Five tips on how to make your communications more accessible
One of the key challenges for all charities is making their communications as accessible as possible to a range of audiences. We asked Christine Fleming from CharityComms to share her top tips.
Great communication should be about connecting with people. It has the power to educate, inspire and empower others to go out and forge their own connections. So making comms as accessible as possible for everyone is incredibly important.
CharityComms is lucky enough to be in a position where we get to talk with charity communicators every day. They share insights about the projects they are working on and the challenges they face, and one topic that kept coming up was accessibility. So when the opportunity arose we were delighted to be able to work with our charity network to create a new ‘Accessible Communication’ resource.
Hopefully the resource will act as a starting point for building more accessibility into everyone’s comms – including our own. We also want it to spark conversations about this important topic so that we can all pool our knowledge and learn together. Everyone’s needs, and preferences, for absorbing information are different so ensuring comms are as accessible as possible makes sense if we want to be heard.
The Accessible Communication resource draws on the expertise of those in the charity sector who are already doing great work in this area. Here are their top tips:
1. Use plain English
This came up time and again when speaking to contributors.
Try to use simple sentences that avoid jargon, abbreviations and acronyms. An easy way to check for this is using a free tool like the online hemingwayapp which will flag any areas of improvement for you to look at.
2. Check your contrast
This is something that actually came up for CharityComms itself as part of creating the accessible communications resource. It’s important to check the contrast between a background and the text that it has on it. If the contrast between the two things is not high enough then people may not be able to read it. One recommendation we were given was to use the WebAIM: Contrast Checker to help us check.
3. Think about screen reader users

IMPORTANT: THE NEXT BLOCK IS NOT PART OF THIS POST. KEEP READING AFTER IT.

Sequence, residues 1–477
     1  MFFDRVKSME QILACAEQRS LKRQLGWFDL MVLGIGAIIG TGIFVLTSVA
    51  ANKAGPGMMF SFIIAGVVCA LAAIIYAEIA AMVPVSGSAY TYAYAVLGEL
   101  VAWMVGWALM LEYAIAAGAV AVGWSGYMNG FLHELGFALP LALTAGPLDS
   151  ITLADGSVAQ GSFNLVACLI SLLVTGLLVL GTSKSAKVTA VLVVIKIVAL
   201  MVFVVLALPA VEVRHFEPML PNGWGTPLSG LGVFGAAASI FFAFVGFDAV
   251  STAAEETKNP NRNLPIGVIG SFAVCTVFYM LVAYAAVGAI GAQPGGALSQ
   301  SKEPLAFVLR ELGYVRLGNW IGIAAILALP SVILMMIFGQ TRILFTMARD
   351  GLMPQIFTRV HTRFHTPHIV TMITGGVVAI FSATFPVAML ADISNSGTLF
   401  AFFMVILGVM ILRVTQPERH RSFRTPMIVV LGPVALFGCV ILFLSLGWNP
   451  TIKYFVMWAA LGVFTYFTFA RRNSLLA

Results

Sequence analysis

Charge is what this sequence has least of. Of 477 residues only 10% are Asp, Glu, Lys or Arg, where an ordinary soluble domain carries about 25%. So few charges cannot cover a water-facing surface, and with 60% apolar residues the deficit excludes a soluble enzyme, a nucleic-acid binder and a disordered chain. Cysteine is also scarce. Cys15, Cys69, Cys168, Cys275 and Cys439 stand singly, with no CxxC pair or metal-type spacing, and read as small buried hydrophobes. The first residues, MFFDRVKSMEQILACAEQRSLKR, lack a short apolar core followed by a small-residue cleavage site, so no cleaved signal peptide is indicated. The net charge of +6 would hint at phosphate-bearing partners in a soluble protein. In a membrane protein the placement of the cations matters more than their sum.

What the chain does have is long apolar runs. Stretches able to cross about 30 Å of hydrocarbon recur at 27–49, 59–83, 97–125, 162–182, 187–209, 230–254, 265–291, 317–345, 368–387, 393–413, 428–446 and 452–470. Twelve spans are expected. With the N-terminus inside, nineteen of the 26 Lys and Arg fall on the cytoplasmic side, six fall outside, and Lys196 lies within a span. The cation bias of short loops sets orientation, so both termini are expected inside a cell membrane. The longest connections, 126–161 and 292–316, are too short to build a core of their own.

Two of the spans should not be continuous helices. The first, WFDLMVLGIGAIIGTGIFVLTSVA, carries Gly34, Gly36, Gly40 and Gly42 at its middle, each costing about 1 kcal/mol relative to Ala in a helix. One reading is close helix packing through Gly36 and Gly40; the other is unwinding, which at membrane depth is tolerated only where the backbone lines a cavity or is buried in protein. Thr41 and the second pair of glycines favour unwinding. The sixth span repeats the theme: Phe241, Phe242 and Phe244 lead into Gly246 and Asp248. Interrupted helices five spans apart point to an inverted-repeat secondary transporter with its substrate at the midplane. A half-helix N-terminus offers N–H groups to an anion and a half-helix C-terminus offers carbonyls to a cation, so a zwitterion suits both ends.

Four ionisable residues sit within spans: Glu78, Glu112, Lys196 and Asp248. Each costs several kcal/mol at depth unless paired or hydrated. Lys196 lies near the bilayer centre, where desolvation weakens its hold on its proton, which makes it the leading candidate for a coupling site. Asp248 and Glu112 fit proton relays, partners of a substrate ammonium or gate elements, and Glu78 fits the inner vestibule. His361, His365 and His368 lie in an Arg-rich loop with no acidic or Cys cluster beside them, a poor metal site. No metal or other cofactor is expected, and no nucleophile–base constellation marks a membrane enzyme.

Lots of people use screen readers not just the visually impaired, so make sure that your content works with them. The best advice we were given was to download one of the free screen readers that are available and experience what someone using one to access our communications experiences for ourselves.
4. Don’t forget about social media
With social platforms being such a core part of communications activities these days its important to make things accessible here too. This means making sure there is alt text on images, subtitles on videos, any gifs used don’t flash more than three times per second, and CamelCase is used in hashtags. And that is just a start, take a look at RNIB’s piece in the guide for more tips and advice.
5. Always remember the importance of representation
The best way to understand the needs of others is to ask those with lived experience what they need and be ready to listen. What we learnt from our contributors was that internal inclusion groups can be invaluable in helping you understand how to make your comms more accessible.
If you have people in your organisation with accessibility needs, have a conversation with them first. And ask your audience to feedback so that you know what you need to improve in order to make things easier. It is not their job to educate you but they can help act as a sounding board.
As we say in the Accessible Communication resource, this is just the start of the conversation. At CharityComms we, like you, are on the journey to more accessible comms and we are excited to rise to the challenge. Making things more accessible benefits everyone and we can’t wait to hear what other people are doing to make this happen and to learn together as a sector.
Christine Fleming is Head of Digital Content at CharityComms